NC-17-rated films are films that most parents / guardians would consider to be too adult for their children under the age of 17. No children will be admitted to NC-17 rated films regardless of whether or not a parent / guardian is present during screening. Though an NC-17 rating does not automatically mean that the film in question is «obscene» or «pornographic», it does signal that the content is only appropriate for an adult audience. NC-17 ratings can be based on violence, sex, aberrational behavior, drug abuse or any other element that most parents would consider to be too strong and therefore off-limits for viewing by their children.
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The First Amendment Encyclopedia
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Motion Picture Ratings
By Douglas C. Dow
Other articles in Issues Related to Speech, Press, Assembly, or Petition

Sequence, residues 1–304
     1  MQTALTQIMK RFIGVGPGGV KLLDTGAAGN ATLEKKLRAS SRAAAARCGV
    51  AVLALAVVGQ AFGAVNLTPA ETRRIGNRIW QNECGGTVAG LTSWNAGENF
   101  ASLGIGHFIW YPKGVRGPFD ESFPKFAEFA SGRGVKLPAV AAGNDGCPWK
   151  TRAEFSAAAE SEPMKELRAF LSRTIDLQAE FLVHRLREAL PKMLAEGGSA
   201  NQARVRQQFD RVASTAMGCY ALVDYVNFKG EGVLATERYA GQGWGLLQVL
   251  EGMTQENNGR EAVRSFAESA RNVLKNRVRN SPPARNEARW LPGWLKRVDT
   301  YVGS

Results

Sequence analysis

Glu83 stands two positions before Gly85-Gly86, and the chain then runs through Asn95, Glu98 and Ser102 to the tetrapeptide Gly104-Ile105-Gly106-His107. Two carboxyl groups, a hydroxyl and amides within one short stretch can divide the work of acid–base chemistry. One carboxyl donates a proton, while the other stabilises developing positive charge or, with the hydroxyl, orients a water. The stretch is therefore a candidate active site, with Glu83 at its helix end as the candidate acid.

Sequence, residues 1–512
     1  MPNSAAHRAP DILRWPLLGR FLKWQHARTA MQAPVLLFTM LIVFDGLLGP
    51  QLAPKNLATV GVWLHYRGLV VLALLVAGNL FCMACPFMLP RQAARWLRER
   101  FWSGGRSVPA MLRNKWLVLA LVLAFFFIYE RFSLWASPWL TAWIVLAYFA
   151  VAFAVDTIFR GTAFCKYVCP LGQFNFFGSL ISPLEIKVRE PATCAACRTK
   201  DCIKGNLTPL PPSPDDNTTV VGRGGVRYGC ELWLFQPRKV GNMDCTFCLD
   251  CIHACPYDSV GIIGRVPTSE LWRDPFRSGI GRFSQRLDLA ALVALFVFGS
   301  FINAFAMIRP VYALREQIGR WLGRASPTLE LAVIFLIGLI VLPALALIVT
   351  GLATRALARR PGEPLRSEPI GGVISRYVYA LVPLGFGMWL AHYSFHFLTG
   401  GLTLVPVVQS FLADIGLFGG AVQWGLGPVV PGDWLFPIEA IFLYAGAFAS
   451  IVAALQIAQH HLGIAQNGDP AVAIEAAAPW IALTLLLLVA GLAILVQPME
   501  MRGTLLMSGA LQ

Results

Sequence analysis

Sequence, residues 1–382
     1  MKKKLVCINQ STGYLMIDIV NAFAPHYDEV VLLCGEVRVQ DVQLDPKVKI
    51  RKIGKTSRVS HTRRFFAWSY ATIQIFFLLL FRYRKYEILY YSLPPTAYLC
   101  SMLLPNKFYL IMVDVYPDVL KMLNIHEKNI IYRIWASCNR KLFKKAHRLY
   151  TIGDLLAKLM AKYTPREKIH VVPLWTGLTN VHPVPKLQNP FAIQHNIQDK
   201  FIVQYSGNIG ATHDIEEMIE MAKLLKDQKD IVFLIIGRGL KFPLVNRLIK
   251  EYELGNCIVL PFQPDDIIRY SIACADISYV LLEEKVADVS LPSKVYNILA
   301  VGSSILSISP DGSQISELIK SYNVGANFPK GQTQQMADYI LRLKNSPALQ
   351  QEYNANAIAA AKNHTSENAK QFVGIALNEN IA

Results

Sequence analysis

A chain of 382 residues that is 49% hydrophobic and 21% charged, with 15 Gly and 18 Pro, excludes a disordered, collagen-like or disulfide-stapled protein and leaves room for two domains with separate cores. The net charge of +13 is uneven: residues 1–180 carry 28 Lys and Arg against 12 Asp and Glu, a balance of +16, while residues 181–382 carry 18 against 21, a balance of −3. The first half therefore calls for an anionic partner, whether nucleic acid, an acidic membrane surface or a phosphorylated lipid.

The First Amendment limits the degree to which governments can censor or ban movies. In 1968 the Motion Picture Association of America (MPAA) established a system of movie ratings for parents to use as a guide to determine the appropriateness of a film’s content for children and teenagers. The ratings system is voluntary, and there is no legal requirement that filmmakers submit their films for rating. Director Steven Spielberg was responsible for the PG-13 after his movies Jaws and Indiana Jones and the Temple of Doom were rated PG. Spielberg felt that the PG rating was too broad for the violence in these movies and suggested a PG-14 rating. In this photo, Spielberg poses with alien character E.T. in London, Dec. 1982. (AP Photo/Press Association, used with permission from the Associated Press)